The game would pit Oklahoma's wishbone offensive machine and dominant defense against Miami's team speed on both sides of the ball. Both teams were loaded with talent, but Miami clearly had the upper hand. The Hurricanes completely throttled the Sooners' offense with their small, speedy linebackers and big, athletic defensive interior.
Miami boldly sat on the ball most of the second half, content with its 17-7 lead. By the time the game reached 20-7 midway through the 4th quarter, Miami relaxed and Oklahoma was finally able to move the ball after recording just 180 yards of offense to that point. The Sooners would record a late score on a fumblerooskie play, putting themselves within six points. Again, Miami maintained its swagger and calmly iced the game to win 20-14 for Jimmy Johnson's first national championship.
I mentioned this game to Heisman Pundit today, and he added a few relevant thoughts:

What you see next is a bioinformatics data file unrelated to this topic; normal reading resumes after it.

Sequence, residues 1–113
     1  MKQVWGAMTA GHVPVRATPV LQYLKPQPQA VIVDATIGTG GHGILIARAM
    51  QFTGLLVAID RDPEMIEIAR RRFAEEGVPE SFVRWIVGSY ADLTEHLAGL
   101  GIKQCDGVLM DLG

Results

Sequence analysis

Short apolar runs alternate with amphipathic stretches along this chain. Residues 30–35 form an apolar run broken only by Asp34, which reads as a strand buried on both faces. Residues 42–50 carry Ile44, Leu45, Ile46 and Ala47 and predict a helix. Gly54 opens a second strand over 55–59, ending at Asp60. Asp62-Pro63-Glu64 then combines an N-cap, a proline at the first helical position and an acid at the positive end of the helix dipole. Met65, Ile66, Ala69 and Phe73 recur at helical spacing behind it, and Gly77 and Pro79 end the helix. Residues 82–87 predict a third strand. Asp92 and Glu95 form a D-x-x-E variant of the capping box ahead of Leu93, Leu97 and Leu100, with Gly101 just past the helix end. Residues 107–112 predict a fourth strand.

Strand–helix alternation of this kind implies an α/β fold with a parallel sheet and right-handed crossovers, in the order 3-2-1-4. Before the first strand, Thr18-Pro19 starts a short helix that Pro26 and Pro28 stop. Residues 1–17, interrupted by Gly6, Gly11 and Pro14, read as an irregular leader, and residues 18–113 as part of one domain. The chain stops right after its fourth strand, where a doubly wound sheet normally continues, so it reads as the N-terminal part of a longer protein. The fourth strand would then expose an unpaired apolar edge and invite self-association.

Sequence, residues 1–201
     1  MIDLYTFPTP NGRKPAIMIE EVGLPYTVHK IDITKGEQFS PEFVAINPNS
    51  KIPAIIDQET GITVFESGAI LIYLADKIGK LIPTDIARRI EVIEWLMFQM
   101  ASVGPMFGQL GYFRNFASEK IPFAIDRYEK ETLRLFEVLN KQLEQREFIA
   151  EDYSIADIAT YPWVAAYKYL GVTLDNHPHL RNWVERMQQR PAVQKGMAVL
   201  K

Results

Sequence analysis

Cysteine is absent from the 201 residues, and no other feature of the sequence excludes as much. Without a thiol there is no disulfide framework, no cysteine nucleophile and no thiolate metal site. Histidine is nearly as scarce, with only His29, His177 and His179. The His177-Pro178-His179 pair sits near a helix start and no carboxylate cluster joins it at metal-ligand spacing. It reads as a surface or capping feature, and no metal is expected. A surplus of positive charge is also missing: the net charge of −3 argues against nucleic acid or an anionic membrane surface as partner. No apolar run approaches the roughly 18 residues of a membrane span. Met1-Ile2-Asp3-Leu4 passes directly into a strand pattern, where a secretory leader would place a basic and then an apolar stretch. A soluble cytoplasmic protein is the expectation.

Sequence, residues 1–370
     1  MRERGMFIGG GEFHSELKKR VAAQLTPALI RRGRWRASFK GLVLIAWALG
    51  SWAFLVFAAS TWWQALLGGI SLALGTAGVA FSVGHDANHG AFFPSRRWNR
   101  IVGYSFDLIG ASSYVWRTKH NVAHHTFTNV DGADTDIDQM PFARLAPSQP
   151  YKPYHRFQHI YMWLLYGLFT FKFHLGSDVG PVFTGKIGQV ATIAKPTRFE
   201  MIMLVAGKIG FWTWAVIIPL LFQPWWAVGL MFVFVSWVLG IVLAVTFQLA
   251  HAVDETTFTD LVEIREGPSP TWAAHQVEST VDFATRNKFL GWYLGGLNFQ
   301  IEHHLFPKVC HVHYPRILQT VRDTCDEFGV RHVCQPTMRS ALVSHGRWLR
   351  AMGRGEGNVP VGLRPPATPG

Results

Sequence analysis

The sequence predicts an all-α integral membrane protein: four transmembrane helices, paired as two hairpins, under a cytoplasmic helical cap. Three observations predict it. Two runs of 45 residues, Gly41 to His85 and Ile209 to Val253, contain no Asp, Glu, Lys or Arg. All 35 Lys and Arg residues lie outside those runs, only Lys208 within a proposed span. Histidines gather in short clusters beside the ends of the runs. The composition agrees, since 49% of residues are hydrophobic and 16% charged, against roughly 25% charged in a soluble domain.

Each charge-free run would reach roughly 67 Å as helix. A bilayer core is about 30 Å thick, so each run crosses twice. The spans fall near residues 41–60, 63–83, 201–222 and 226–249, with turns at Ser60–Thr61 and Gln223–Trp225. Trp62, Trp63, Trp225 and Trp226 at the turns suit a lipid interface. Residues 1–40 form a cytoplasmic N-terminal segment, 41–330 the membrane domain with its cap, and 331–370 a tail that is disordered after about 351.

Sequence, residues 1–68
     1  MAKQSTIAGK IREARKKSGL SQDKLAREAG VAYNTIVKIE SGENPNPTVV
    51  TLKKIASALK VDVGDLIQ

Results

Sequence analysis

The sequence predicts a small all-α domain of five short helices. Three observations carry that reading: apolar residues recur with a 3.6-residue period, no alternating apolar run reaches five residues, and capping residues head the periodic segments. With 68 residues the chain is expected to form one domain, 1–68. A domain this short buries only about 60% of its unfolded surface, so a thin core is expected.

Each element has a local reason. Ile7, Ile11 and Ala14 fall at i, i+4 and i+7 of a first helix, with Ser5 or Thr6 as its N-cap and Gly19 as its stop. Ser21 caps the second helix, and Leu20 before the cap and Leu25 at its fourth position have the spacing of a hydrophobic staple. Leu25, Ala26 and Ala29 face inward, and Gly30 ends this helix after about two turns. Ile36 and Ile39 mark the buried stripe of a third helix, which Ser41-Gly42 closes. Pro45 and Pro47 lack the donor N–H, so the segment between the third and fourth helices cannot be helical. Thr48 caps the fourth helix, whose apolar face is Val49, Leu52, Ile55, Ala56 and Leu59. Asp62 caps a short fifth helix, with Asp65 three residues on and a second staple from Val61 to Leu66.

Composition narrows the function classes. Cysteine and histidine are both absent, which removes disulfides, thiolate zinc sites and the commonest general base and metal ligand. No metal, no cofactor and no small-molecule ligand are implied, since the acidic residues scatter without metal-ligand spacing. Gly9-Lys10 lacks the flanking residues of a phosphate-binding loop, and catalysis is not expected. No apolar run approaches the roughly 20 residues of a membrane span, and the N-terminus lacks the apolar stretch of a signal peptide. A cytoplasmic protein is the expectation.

---Although Miami's defense was able to thoroughly dominate the Oklahoma offense, it is not a knock on what Oklahoma could do. The wishbone remained an effective offense up to that point in college football history, particularly for teams with the kind of talent that could be found at a place like Oklahoma.
In fact, Oklahoma had the nation's No. 1 offense, recording 493 points (41.1 points/game) and topping 50 points an amazing five times (71 points, 69, 65, 59 and 56). Their defense was no pushover either, having recorded two shutouts.
---Miami's matchup with Florida State earlier in the season was arguably the true national championship game. Miami would win 26-25 in the first Wide Right game.
---Miami's lone defensive shutout in 1987 was against Notre Dame, a 24-0 victory.
---Oklahoma went 33-3 between 1985 and 1987, with all three losses at the hands of the Hurricanes.
---The Hurricanes' coaching staff included Dave Campo (defensive backs), Butch Davis (defensive line), Dave Wannstedt (defensive coordinator/linebackers), Art Kehoe (offensive line) and a greenhorn graduate assistant named Tommy Tuberville.